In business, time is money, and time was at a premium yesterday at a special event in West Hartford. Small businesses from around Connecticut gathered to meet with government agencies and big government contractors for a chance to win new work. But as WNPR’s Harriet Jones reports, they had to be quick.
Hone your elevator pitch and get ready to make a great first impression, because you only have minutes face-to-face with the government contractor of your dreams.
“It’s overwhelming! It is like speed-dating – you have to get here early to sign up. We’re excited for our appointments that we have and see if we can help those companies and they help us as well.”
That’s Jill Jarvis of Erlich Interiors in Farmington – she’s new to the whole world of government contracting and she’s here at the University of Hartford for the state’s first ever Matchmaker event. According to the Secretary of the State Denise Merrill she’s one of at least 700 small business owners signed up.
“We have at least twice as many people as we were expecting. We had no idea, since we’ve never done one of these before. And they’re all starved for this kind of connection. It’s really that connecting people together. Connecting state agencies with the federal government and the federal government contracts with actual workers.”
The federal government spends billions of dollars each year hiring private sector contractors, and those contractors have to spread the wealth around. Jeanne Hulit runs the Small Business Administration in New England.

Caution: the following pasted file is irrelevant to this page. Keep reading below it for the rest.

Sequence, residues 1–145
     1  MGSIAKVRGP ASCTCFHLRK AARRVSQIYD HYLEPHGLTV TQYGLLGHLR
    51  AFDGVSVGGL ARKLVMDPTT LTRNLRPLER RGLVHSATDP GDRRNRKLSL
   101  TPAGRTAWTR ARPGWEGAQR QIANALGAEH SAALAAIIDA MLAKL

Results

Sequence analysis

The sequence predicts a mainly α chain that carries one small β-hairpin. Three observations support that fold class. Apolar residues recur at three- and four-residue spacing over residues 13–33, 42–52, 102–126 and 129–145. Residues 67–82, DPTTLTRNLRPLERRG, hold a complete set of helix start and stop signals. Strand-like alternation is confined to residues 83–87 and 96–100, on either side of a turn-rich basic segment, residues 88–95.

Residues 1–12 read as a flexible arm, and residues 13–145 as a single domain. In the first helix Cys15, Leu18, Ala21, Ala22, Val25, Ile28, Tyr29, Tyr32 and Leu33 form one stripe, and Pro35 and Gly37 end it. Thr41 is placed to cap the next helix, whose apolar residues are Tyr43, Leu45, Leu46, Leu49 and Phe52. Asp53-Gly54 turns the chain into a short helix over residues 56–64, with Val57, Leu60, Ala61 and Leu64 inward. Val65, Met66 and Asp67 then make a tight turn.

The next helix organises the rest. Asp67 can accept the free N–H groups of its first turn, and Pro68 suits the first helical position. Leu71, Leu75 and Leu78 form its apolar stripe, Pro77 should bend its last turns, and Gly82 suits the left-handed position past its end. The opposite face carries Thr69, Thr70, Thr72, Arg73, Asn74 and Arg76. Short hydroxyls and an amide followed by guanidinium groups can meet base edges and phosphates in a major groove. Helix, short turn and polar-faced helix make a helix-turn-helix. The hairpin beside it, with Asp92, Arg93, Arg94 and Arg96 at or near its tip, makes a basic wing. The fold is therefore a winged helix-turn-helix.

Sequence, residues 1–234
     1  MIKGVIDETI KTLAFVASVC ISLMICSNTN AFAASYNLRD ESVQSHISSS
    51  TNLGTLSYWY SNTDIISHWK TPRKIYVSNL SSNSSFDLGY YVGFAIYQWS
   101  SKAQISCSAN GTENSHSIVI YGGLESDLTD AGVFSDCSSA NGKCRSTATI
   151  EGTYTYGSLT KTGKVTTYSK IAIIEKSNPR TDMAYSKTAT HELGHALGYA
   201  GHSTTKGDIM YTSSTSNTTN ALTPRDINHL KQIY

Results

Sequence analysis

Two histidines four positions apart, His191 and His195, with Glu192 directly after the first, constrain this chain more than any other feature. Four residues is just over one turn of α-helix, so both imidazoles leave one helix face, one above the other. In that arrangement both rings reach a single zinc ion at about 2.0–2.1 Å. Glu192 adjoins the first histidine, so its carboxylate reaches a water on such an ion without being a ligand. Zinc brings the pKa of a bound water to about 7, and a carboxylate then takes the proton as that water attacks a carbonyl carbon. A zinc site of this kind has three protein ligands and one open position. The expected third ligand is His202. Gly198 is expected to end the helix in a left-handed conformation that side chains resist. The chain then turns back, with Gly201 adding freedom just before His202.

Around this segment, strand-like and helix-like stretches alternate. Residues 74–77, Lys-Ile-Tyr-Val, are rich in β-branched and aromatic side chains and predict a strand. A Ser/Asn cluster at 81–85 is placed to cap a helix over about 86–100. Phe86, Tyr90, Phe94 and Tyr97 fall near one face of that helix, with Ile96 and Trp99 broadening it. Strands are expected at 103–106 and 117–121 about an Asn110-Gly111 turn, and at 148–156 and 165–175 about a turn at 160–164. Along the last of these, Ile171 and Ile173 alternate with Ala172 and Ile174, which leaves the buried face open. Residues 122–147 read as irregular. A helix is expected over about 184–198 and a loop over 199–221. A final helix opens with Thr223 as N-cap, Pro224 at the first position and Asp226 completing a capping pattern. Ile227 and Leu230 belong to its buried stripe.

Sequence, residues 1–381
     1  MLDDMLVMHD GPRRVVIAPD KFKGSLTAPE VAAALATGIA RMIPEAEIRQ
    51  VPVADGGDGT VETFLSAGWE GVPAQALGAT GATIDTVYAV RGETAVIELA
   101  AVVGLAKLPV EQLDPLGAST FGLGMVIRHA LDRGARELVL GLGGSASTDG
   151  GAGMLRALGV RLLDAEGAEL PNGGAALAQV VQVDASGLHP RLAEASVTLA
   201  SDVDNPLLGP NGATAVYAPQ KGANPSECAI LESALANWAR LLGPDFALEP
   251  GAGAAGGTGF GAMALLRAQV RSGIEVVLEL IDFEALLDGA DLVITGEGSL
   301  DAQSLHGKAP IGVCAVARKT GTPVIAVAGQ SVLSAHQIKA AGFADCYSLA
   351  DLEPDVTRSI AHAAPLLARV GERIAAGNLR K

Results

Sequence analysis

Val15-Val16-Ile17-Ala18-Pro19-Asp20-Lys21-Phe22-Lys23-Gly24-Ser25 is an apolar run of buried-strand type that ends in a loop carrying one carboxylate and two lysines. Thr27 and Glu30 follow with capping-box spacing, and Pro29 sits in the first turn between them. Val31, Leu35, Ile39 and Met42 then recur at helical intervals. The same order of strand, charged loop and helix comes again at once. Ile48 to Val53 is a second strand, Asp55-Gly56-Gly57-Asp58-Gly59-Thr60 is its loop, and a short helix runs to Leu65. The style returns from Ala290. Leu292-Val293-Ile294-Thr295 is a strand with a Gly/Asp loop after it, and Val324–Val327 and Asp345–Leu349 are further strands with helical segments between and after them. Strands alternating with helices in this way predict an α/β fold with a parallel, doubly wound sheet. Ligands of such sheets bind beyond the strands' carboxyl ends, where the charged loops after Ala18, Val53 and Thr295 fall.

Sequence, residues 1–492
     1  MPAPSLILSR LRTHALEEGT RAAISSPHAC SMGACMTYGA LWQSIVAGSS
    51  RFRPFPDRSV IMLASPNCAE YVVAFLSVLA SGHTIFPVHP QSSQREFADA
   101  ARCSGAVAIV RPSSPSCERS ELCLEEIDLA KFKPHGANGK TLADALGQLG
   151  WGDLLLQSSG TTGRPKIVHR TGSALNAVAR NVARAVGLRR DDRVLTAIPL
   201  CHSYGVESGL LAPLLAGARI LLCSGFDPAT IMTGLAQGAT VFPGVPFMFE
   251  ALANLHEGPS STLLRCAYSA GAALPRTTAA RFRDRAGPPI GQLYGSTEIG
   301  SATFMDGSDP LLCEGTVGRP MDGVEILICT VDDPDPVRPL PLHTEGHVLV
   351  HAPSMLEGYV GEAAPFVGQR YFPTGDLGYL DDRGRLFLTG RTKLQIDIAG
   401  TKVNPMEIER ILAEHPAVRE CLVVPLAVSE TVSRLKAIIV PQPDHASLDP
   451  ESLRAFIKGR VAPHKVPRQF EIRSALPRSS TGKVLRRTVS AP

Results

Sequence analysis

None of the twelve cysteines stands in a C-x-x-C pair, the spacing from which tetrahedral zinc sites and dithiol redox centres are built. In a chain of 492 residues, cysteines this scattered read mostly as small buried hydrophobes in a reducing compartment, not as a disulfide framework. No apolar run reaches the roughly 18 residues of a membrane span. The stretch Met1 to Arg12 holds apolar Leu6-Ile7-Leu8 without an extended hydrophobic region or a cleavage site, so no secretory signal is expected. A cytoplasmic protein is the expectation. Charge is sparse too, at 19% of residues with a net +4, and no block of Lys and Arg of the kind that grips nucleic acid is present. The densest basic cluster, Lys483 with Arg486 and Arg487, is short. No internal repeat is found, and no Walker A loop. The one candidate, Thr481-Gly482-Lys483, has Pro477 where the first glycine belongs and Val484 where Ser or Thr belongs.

“The government is required statutorily to make 23 percent of their contracting to small businesses. The last statistic I saw we were at 21.9 percent. And importantly under the recovery act, all the money that went into the recovery act contract, we exceeded that 23 percent goal.”
At Thursday’s event, the agencies and the major corporations were lined up at ranks of tables in a huge hall, while the small business owners circulated according to their appointment sheets. After just a few minutes the bell would ring, and it was time to move on. It was high pressure, but it was working for Hilda Santana of Language Link Consortium, an interpreting and translating service based in West Hartford.
“I find this to be a great opportunity for me to network with a lot of companies that I normally would not have contact with. Here you have a face as well as a business card, which is much different than going onto the Internet and trying to navigate it that way. So this will open many doors for me.”
And some even found the date of their dreams. Tom Merino of Advanced Security Technologies in Stratford already works with Sikorsky, but he’s looking to expand his government contracting work.
“I actually got very lucky just now – I met with Raytheon and she had me highlighted on her list of companies that they wanted to meet with. So that was surprising.”
This may be the state’s first matchmaker event, but it probably won’t be the last. UConn now wants to host a similar gathering as it gets ready to launch its Bioscience Connecticut initiative.
For WNPR, I’m Harriet Jones.